The Q5 runs into trouble with small- to medium-sized intrusions. The combination of stiff spring rates and damper settings doesn’t allow enough suppleness over less extreme bumps. As a result, the Audi’s ride is always fidgety over town roads. It gets better at speed, but never disappears – there’s a hint of stiffness even at speeds that normally suit stiff suspension setups.
You get permanent all-wheel-drive Quattro on the Q4, with a 40/60 front/rear bias. There's also hill descent, where the SUV automatically does the braking on each wheel when it comes down a steep slope. Even with the regular tyres shod on the Q5, it handles dirt tracks with great aplomb.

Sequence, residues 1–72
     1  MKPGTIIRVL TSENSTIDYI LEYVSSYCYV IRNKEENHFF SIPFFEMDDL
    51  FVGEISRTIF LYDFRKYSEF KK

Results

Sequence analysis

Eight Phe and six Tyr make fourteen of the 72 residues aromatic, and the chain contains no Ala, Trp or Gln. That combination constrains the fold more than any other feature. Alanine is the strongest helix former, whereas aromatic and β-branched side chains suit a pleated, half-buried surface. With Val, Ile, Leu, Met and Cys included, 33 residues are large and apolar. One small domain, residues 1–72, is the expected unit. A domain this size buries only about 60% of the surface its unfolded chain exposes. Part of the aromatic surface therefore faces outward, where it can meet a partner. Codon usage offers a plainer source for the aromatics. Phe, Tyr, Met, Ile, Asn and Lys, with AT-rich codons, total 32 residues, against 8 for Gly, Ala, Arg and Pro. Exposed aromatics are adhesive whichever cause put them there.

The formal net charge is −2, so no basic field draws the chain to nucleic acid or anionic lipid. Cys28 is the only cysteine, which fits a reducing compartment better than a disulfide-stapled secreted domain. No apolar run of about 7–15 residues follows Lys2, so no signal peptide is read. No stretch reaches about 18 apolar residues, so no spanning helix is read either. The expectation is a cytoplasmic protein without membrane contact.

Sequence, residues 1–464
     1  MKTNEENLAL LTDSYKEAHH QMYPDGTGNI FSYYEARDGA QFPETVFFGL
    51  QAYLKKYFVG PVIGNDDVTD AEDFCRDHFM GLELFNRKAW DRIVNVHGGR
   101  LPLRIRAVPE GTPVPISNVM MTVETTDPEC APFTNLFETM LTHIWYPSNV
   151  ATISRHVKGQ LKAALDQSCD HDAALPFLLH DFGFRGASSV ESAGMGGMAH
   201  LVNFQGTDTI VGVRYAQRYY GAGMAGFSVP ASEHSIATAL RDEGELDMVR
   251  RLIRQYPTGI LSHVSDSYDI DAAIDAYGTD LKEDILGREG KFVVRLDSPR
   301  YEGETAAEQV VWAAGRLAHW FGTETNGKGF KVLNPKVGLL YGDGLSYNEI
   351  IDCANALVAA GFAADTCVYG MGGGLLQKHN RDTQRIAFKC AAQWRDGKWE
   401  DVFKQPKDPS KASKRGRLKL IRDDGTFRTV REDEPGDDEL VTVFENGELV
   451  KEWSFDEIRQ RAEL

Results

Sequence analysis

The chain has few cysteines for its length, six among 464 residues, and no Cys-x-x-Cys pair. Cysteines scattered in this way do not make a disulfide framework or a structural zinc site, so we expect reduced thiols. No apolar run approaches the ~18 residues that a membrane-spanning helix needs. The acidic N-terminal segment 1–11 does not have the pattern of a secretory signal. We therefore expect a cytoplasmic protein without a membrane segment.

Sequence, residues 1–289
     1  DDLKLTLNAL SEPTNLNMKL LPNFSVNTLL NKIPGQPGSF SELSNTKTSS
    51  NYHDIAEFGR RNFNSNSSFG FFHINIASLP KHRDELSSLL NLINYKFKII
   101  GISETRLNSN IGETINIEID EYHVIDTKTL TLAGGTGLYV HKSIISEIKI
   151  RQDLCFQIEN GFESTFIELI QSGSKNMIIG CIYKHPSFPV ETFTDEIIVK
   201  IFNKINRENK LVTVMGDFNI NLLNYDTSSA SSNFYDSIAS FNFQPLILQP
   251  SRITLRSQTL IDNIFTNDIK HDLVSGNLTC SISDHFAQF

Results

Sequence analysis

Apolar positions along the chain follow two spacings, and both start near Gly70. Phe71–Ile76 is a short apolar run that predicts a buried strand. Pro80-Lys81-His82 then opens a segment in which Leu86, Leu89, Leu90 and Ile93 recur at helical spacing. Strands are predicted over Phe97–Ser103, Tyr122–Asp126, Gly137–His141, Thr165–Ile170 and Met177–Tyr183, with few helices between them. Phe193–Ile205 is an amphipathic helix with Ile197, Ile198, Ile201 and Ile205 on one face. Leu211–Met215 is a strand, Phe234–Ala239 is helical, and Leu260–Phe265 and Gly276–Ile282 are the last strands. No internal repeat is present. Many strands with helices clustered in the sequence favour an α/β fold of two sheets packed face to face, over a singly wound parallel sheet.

Smooth surfaces will rarely unsettle the Q5, though it's never a truly relaxing ride. You will notice the stiff egde to the ride. Handling is good. The Q5 turns with little body roll and changes direction without protest. It steers accurately, too, although with a curious mix of weight. Usually it’s too light, switching to too heavy quite quickly off-centre. There’s fantastic grip from the four-wheel-drive system and, if the BMW X3 didn’t exist, we would even call it nimble.